Dear Off Duty Firefighter,
Maybe you had a rough shift yesterday. Maybe you battled the blaze to end all blazes. Maybe you had one of those shift nights where sleep simply didn’t happen. A call here, a false alarm there or the snoring of a fellow firefighter a few bunks over. It happens. Somedays you’re going to wake up the morning after a full 24 hour shift and you’re going to feel grumpy.
Maybe you went home and your wife left dishes in the sink. Maybe your kids gave you attitude. Maybe you asked a friend, a neighbor, your spouse or your child to mow the grass yesterday and they didn’t, leaving it to you today and in jungle like proportions. Maybe you just wanted some peace and quiet but your wife had friends over for Friday morning muffins. Maybe you don’t have a family and that’s reason enough.
Maybe there are a thousand other reasons that you were grumpy as you sat at that restaurant today. Maybe you got bad news from a loved one. Maybe someone is sick. Maybe someone even died. I hope not. We’ve been through three family deaths this year and I know how hard it is. Maybe you really have a legitimate, honest-to-goodness reason for being grumpy today. But let me tell you something: you need to apologize to that waitress.
It was a busy lunch hour. I was hungry, too. In fact, my off duty firefighter husband was starving, having run around all morning doing errands and other stuff that he does on an off shift day. When he gets hungry, he gets kind of grumpy. And we had to wait for our waitress to even take our drink orders. So he was feeling it; he made a joke about wearing his grumpypants. Or shorts as it’s so hot outside.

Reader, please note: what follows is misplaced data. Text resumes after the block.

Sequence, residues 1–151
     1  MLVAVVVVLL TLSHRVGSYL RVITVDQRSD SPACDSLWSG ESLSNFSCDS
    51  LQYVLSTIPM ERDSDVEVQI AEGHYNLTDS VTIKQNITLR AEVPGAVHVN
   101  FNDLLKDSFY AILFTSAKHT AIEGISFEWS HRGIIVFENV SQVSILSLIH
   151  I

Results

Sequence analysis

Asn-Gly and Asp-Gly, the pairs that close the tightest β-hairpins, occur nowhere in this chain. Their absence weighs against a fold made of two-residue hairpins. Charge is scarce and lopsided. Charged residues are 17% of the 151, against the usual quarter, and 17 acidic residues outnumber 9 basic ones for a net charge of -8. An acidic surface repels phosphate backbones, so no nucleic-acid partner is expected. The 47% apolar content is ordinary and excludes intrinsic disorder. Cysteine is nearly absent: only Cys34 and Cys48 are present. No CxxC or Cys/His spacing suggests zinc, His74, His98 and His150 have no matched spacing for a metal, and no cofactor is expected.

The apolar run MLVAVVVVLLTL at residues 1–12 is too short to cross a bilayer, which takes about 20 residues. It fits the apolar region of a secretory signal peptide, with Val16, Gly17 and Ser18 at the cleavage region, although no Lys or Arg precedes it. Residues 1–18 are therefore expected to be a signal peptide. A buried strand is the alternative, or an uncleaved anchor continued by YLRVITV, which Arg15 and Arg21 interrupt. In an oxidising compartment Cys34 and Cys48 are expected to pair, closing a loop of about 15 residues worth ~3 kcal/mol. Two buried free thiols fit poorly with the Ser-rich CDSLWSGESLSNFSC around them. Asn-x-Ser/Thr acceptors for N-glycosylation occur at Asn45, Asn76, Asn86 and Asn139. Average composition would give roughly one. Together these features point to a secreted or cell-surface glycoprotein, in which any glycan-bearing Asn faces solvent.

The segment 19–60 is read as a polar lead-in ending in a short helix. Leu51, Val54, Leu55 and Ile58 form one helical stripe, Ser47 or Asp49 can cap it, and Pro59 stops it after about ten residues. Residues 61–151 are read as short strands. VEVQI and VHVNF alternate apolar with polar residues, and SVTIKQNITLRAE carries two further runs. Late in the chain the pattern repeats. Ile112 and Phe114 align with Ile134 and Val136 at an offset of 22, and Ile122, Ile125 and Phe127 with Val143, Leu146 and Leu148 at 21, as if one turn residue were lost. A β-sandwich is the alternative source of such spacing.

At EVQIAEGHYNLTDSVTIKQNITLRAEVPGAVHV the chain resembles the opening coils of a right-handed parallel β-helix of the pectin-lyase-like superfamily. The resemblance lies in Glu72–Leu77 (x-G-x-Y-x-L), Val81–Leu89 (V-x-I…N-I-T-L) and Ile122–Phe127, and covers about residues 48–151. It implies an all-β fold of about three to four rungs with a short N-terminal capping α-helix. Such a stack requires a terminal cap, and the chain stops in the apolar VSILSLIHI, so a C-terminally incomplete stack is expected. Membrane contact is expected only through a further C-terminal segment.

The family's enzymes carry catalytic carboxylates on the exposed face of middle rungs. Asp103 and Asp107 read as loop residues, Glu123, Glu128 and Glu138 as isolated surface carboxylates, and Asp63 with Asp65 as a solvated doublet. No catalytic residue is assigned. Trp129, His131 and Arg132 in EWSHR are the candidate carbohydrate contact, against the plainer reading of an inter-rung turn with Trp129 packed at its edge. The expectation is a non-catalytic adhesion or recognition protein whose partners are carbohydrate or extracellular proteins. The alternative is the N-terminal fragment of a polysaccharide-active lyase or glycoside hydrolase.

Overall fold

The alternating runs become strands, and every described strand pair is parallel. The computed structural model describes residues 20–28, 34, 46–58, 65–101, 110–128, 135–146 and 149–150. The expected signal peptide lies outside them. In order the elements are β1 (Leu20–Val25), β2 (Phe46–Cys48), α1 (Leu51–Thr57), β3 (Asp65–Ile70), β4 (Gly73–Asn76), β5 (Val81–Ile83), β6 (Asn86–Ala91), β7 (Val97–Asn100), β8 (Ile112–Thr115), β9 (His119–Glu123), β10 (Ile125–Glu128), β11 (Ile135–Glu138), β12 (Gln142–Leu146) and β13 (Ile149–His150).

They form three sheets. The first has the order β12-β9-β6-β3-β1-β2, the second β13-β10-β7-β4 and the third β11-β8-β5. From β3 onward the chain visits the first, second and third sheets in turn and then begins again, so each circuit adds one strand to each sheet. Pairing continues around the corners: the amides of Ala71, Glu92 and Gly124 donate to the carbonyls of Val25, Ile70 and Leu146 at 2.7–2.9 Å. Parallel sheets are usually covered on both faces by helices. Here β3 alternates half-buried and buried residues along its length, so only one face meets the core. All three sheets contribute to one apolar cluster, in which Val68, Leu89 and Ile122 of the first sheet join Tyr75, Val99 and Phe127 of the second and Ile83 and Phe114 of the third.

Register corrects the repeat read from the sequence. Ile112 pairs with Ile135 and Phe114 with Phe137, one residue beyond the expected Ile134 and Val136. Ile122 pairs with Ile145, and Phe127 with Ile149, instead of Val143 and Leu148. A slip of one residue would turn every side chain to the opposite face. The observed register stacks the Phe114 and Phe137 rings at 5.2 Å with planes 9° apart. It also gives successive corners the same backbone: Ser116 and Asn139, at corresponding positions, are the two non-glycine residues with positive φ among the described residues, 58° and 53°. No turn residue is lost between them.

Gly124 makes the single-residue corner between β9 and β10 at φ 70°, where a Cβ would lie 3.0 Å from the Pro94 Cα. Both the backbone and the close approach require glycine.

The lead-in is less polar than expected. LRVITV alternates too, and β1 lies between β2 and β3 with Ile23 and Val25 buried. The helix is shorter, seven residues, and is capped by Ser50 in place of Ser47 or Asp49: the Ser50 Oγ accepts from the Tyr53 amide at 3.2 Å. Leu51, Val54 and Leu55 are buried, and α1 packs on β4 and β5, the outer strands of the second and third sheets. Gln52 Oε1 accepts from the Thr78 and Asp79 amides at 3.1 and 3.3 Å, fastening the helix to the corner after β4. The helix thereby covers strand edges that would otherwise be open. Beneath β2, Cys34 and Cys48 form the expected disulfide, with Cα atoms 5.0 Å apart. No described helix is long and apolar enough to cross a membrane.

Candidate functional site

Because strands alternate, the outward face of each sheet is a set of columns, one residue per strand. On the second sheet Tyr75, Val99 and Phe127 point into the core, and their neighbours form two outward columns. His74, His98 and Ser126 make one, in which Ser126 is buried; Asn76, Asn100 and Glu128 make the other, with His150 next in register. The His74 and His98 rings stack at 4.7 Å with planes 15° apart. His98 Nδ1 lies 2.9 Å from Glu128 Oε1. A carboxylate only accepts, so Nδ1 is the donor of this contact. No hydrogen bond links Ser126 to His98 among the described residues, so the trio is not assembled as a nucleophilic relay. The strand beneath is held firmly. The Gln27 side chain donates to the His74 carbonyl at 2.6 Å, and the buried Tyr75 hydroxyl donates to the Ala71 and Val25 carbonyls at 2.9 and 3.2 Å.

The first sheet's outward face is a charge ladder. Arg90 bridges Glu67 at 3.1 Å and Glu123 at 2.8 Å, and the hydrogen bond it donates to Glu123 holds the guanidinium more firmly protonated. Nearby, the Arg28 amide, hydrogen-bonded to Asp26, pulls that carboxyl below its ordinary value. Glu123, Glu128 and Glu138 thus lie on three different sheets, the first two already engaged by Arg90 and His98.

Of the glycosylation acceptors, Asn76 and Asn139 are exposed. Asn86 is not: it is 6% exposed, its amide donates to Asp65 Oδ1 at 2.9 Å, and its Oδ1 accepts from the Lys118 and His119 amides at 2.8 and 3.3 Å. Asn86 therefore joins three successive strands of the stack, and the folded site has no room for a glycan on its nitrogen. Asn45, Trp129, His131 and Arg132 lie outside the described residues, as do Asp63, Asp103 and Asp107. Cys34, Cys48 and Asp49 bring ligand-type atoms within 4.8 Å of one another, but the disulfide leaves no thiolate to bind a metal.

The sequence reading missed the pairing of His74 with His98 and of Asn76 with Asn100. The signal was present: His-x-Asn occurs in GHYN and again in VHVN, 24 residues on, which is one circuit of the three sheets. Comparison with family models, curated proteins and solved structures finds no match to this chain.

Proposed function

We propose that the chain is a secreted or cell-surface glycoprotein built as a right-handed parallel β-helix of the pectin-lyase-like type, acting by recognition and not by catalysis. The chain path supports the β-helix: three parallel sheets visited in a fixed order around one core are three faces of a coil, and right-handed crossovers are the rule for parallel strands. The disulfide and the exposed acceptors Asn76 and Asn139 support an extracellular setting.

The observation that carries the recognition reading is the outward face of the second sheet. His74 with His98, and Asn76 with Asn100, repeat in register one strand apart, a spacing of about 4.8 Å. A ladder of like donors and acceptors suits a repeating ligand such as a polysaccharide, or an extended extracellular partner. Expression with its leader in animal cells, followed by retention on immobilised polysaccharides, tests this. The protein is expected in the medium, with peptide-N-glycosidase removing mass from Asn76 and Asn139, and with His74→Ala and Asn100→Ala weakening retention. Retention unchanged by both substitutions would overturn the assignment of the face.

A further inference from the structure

But do you know what he didn’t do? He didn’t snap at the waitress. I didn’t either even though I was desperate for an iced tea. All she was trying to do was ask you if your food was good and if you needed anything else. I understand that waiters have an uncanny ability to show up at the table right as you have taken the biggest possible bite of your food. I normally have to nod and force a smile through a full mouth or mumble something despite the rule that I grew up with, “Never talk with food in your mouth.” We had other rules, too. Something about not being a total buttface to those who wait on you in restaurants was high up on the list. There was absolutely no reason for you to say, “Just let me chew.”
My eyes almost bugged out of my head. I thought about you for the rest of my meal. When I saw you walk to your truck with a firefighter union sticker, I wanted to bust you in the kneecap. Politely. I’d wait for you to chew. I know you’ve had people say some stupid things to you about your job as a firefighter. You’ve endured calls with people that you would not have otherwise associated. You’ve dealt with the bureaucracy that accompanies the fire life. So why on Earth would you choose to be nasty to someone else who was merely doing their job? You wouldn’t appreciate it if you were putting out a fire and someone came up to you and started saying nasty things. Why would you do it to someone else?
No, I’m not really holding you to a higher standard. I expect that everyone should treat people in food service with respect. I mean, how do you know she didn’t spit in the milkshake that she brought you later. Or worse. I likely would have written this post even if you were some Joe Schmoe as I’m tired of people treating other people so poorly. Maybe you’re not a firefighter. Maybe it was your dad’s truck. I hope he reads this post and wallops you upside the head because I know he taught you better.
PS – I know that many firefighters have mustaches since it’s the only facial hair that they can have but, trust me, it wasn’t working for you.